In The Shipping News, by Annie Proulx, the main character Quoyle was lost. Beginning without a purpose in life, Quoyle manages to develop strength of character as each new obstacle is sent flying his way. Redemption is always possible no matter how horrible life can be. This is shown though: when Quoyle obtained happiness, or at least, no longer miserable; when he learned how to love and be loved by people; and when he managed to separate himself from his ancestors. Through these various ways of redeeming himself, he most importantly had to be happy and comfortable in his own skin, thus allowing him to change other aspects of his life.
Happiness is not simply obtained, it has to be pursued. Quoyle was a spineless loser with nothing to account for in his life, where, by the end of the novel, he accomplished a drastic change in character. As a play on words, Proulx named the main character: “Quoyle: A coil of rope” (Proulx, 1). As his name suggests, he is walked all over like the coil of rope that is rolled up on the deck of a ship. He lacked all confidence, and as each new failure stacked up, he would continue to shuffle aimlessly though life. After buying the awful boat he thinks to himself: “Stupid Man Does Wrong Thing Once More” (Proulx, 89). This was fitting for him to say considering he failed at everything he would try to do. It is impossible to pinpoint when Quoyle’s life truly started to turn around for the better, but when, for the first time in his life, he is told that he did something right, it was clear that his life was slowly going uphill. But, to be truly happy he had to let go of all his ties to his past and, like the ancestral house at Quoyle’s Point, his life couldn’t simply be repaired. So as he tried to patch up his life and move on he still was not able to obtain happiness. Only when the ancestral home disappeared into oblivion, was Quoyle really able to start anew. Like the metal cables that were attaching the house to the rock, Quoyle was similarly tied to the house. With all those cords snapped in two, he was finally free from the last thing that was anchoring him to the past. Without having ties to the past, he was able to see that love did not have to hurt him.
Love should not need to be painful. There was nothing right about Quoyle’s relationship with Petal. She was a cruel, passive aggressive woman, who treated Quoyle horribly. She would constantly toy with his emotions, pretending not to recognize their children and bringing other men in to their home to have sex with. Nonetheless, Quoyle loved her. He seemed to feel that this is what love was like, that this was what he deserved. So, when he meets Wavey, he is slightly mesmerized by her. She is “the tall and quiet woman” (Proulx, 115). She is kind to Quoyle and he does not seem to have a burning desire for her. He is more aware of her grace. Therefore, he believes that he does not love her. But, as he learned to like himself and let go of his past, he was also able to see that he loved Wavey. In the last few lines of the novel, Quoyle was thinking to himself about different things that now make him happy. The last thing that he thinks to himself is that: “It may be that love sometimes occurs without pain or misery” (Proulx, 337).” Showing that he is finally able to love properly. Being able to love is one thing, but breaking away form the mould your ancestors have left behind can prove to be very difficult.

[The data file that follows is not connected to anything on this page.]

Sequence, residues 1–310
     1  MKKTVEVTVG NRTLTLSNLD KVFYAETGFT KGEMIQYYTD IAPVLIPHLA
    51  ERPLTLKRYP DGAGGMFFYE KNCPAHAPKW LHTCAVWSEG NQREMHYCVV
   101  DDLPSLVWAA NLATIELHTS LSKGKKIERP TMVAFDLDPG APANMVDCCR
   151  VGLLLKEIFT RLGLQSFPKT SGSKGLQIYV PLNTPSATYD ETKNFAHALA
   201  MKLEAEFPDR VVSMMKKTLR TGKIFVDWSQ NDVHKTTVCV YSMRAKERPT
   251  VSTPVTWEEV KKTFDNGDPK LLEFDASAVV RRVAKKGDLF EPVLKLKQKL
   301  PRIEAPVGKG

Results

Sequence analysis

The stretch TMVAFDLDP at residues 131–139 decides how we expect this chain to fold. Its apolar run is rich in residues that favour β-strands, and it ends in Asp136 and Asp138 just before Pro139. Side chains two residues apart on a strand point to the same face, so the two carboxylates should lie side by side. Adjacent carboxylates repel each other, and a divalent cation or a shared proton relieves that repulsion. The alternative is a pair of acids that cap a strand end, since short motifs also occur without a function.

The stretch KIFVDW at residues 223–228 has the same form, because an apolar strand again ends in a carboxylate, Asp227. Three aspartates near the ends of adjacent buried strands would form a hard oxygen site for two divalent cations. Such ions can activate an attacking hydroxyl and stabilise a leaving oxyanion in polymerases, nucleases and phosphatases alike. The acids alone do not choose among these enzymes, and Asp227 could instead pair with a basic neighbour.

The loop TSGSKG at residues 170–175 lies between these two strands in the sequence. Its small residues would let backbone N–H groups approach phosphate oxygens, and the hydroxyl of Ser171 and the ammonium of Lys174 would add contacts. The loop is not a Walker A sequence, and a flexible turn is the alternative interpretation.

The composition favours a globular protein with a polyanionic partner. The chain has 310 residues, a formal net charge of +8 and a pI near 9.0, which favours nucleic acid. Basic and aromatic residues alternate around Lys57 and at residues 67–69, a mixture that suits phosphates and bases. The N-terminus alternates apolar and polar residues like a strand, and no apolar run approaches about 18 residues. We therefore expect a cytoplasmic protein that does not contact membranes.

You have to look at your family roots in order to heal and restart. Throughout the novel he is constantly thinking about his ancestors that were known to be abusive and murders. Quoyle had to learn that just because his ancestors were horrible people did not necessarily mean that he would end up the same way. When he went to find the uncle, he called out Mr. Quoyle, and “felt he was calling himself” (Proulx, 264). Symbolically, Annie Proulx gave him no first name; he is stuck solely with Quoyle, linking him to his family. It was only when he published the newspaper being the managing editor that he was given initials, showing that he is an individual, different from his ancestors. Going back to where his ancestors were from and looking into his family history enabled Quoyle to move on.
Life is a struggle, and sometimes being completely happy is not the answer. Sometimes all someone needs is to have an absence of pain. It is in this state that Quoyle was able to start over and make changes to himself. Being content with who he was, he was able to let Wavey into his life and love her. Being content, he was also able to establish that he was an individual and not like his ancestors.